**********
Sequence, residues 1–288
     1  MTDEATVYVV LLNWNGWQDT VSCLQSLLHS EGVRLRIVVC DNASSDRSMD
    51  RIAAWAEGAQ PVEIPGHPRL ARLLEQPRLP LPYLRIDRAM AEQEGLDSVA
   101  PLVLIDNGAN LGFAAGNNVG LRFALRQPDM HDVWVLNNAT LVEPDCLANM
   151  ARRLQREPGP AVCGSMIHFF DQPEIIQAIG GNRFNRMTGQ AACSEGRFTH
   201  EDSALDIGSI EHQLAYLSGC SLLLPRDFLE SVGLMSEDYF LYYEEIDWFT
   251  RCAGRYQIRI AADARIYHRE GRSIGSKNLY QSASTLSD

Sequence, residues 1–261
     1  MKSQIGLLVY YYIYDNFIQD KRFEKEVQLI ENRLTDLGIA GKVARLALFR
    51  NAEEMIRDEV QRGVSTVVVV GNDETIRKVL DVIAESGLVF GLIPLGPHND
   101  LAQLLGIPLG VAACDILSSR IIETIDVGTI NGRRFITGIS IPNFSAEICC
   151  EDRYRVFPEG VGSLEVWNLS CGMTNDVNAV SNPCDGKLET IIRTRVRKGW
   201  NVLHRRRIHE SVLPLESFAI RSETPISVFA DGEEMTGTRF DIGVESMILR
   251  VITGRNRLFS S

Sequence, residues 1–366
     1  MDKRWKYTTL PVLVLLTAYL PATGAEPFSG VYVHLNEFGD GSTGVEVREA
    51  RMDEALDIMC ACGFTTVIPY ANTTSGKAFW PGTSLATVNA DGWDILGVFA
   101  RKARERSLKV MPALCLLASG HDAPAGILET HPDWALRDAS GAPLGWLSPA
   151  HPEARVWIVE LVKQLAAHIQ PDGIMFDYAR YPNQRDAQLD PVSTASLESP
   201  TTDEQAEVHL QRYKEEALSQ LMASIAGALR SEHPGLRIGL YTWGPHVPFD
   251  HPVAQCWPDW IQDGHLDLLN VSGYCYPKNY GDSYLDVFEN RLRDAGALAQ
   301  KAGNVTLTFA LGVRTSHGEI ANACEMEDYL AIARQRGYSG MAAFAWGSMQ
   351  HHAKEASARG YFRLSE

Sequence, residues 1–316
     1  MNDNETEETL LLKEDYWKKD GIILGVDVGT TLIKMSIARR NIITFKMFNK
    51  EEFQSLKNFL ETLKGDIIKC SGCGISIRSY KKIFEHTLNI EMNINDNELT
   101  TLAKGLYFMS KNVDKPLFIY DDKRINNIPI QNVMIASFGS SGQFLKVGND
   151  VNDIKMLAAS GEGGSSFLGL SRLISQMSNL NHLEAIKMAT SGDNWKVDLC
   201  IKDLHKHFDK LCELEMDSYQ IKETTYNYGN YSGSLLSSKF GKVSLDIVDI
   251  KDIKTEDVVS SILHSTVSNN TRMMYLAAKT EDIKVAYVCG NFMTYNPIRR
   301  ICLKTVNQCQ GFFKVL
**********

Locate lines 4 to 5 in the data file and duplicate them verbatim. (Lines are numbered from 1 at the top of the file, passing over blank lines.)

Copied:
   101  PLVLIDNGAN LGFAAGNNVG LRFALRQPDM HDVWVLNNAT LVEPDCLANM
   151  ARRLQREPGP AVCGSMIHFF DQPEIIQAIG GNRFNRMTGQ AACSEGRFTH